Laura Theresa Alma-Tadema
(1852 C 15 August 1909 in Hindhead) was from 1871 the second wife of the painter Lawrence Alma-Tadema and a painter in her own right.
A daughter of Dr George Napoleon Epps (who was brother of Dr John Epps), her two sisters were also painters (Emily studied under John Brett, a Pre-Raphaelite, and Ellen under Ford Madox Brown), whilst Edmund Gosse and Rowland Hill were her brothers-in-law. It was at Madox Brown's home that Alma-Tadema first met her in December 1869, when she was aged 17 and he 33. (His first wife had died in May that year.) He fell in love at first sight,and so it was partly her presence in London (and partly the fact that only in England had his work consistently sold) that influenced him into relocating in England rather than elsewhere when forced to leave the continent by the outbreak of the Franco Prussian War in July 1870. Arriving in London at the beginning of September 1870 with his small daughters and sister Artje, Alma-Tadema wasted no time in contacting Laura, and it was arranged that he would give her painting lessons. During one of these, he proposed marriage. As he was then thirty-four and Laura was now only eighteen, her father was initially opposed to the idea. Dr Epps finally agreed on the condition that they should wait until they knew each other better. They married in July 1871 and, though this second marriage proved childless, it also proved enduring and happy, with Laura acting as stepmother to her husband's children by his first marriage.
The Paris Salon in 1873 gave Laura her first success in painting, and five years later, at the Paris International Exhibition, she was one of only two English women artists exhibited. Related Paintings of Laura Theresa Alma-Tadema :. | Pompeian Scene or The Siesta | The Women of Amphissa | Women of Amfiss | The Triumph of Titus | Roses of Heliogabalus |
Related Artists:BACKER, Jacob Adriaensz.
Dutch Baroque Era Painter, 1608-1651
Backer was born in Harlingen, but his family moved soon (in 1611) to Amsterdam. Between 1627 and 1633 he and Govert Flinck were pupils of Lambert Jacobsz in Leeuwarden. In 1633 he returned to Amsterdam, where he remained until his death.
His extreme quickness in painting portraits has been particularly noticed, and it is said by his Amsterdam colleague Joachim von Sandrart that he completely finished, in one day, the half length portrait of a lady in full dress, even so early, that she was able to return the same day to Haarlem. Besides being an important portrait painter - some 70 portraits can be attributed to him with certainty, among them the 1642 Company of Cornelis de Graeff voor de Nieuwe Doelen in Amsterdam, on the same wall as Rembrandt's Night Watch - Backer was an excellent painter of religious and mythological paintings. He was especially interested in pastoral subjects, themes from contemporary history, like the huge Crowning of Mirtillo from 1641 in the Brukenthal collection in Sibiu (250 x 250 cm.). In fact, Backer was a leading artist in Amsterdam until his premature death in 1651.LONGHI, Pietro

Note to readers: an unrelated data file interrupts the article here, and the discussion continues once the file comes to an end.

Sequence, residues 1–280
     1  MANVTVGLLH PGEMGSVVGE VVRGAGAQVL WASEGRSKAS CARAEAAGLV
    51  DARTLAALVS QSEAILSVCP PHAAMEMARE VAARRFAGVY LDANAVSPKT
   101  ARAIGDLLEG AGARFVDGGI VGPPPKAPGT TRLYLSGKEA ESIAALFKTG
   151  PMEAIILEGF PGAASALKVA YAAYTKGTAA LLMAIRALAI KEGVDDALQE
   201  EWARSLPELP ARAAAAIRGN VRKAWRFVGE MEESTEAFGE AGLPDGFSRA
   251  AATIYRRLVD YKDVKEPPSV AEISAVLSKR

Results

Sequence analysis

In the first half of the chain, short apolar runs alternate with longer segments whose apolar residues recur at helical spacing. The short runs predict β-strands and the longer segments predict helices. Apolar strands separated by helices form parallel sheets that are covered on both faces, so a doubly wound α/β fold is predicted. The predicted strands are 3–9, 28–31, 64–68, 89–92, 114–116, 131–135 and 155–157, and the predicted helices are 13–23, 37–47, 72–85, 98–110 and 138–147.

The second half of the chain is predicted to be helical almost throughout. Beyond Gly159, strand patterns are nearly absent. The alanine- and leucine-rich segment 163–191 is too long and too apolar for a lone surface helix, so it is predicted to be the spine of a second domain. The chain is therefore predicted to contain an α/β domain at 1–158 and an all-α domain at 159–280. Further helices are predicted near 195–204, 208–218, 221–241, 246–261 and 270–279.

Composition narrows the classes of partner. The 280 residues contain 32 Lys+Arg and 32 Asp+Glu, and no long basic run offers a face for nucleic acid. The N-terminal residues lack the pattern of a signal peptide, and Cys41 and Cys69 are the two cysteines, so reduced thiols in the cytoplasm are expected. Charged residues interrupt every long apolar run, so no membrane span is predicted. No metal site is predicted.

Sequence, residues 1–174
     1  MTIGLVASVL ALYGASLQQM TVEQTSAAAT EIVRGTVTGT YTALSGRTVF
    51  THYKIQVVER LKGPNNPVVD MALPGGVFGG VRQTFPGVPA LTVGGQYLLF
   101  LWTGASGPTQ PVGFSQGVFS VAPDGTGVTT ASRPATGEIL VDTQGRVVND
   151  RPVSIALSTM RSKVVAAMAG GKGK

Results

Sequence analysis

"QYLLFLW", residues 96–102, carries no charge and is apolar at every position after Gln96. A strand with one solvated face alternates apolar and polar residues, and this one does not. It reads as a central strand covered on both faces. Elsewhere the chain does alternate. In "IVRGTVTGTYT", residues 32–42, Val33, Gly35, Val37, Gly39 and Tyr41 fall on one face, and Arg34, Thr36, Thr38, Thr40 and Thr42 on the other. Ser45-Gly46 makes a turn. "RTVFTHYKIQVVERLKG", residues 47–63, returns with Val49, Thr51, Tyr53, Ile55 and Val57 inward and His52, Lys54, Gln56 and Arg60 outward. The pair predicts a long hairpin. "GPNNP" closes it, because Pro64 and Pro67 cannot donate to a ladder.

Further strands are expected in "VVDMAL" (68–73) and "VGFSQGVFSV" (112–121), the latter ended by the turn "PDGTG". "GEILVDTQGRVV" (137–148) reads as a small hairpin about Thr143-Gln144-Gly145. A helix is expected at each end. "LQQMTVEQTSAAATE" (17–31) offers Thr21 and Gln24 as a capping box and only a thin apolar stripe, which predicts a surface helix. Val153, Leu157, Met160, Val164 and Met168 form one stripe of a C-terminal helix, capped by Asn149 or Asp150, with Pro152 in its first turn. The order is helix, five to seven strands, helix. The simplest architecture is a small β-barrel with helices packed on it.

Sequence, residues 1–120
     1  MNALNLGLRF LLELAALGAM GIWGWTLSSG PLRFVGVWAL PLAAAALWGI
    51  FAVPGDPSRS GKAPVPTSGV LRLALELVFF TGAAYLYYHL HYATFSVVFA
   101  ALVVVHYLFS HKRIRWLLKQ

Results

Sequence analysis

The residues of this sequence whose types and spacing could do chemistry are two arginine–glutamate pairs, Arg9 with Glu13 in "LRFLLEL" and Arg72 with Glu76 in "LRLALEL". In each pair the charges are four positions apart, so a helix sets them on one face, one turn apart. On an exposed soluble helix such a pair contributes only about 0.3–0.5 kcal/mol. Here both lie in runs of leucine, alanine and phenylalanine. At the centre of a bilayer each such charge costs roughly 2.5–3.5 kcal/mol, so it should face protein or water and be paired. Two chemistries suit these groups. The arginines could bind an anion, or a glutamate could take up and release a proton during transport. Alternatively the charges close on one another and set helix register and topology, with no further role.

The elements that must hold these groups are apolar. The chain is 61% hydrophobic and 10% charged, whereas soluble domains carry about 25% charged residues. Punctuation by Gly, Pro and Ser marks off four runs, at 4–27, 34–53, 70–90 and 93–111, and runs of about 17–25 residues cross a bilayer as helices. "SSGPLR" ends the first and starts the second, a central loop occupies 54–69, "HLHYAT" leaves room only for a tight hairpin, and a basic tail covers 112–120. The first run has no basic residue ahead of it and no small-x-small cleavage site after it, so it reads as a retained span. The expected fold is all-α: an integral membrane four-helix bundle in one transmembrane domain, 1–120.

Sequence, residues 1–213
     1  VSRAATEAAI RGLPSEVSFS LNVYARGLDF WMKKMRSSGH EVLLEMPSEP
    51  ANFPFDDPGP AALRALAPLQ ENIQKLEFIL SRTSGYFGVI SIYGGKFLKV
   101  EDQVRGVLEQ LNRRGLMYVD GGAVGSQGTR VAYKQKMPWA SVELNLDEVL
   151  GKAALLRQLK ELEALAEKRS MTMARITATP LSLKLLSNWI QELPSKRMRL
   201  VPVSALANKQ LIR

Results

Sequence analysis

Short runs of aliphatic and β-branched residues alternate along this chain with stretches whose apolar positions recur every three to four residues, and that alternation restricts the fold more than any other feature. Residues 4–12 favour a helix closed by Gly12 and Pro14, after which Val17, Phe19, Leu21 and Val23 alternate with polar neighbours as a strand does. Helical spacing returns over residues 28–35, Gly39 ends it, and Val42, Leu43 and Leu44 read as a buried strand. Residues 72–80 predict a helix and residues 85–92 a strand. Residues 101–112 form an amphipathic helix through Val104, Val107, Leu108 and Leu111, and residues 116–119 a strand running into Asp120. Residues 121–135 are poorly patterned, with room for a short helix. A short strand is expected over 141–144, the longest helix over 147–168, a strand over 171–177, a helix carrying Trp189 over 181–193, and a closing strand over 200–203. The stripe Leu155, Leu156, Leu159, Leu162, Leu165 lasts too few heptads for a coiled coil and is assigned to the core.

Italian Rococo Era Painter, ca.1702-1785
Painter and draughtsman. His father, Alessandro Falca, encouraged his natural talent for drawing, and he studied under Antonio Balestra for 'several years', according to his son, Alessandro Longhi. Balestra probably took Pietro to Bologna and recommended him to Giuseppe Maria Crespi. No documents exist on Longhi until 1732, the year he married, and some doubt has been expressed about his study with Crespi. There is no trace of Crespi's influence in Longhi's altarpiece for the parish church of S Pellegrino in Bologna, St Pellegrino Condemned to Death, installed in 1732; Crespi's style is an intimate one, however, and would have been inappropriate for such a large altarpiece. One of Longhi's first independent works, the St Pellegrino altarpiece recalls his Venetian origins and training in its broken brushwork and colour glazes. In another early work, the Adoration of the Magi (Venice, Scuola Grande S Giovanni Evangelista), documented in 1733 as at S Maria Materdomini, Venice, the subject-matter lends itself to a more domestic treatment, and Crespi's influence is evident. Both these works contain passages anticipating Longhi's subsequent development as a genre painter; in each picture a boy or young man, perhaps a self-portrait, gazes out at the spectator, unconcerned with events in the painting.Fabbiao Fabbi
Italian, 1861 - 1946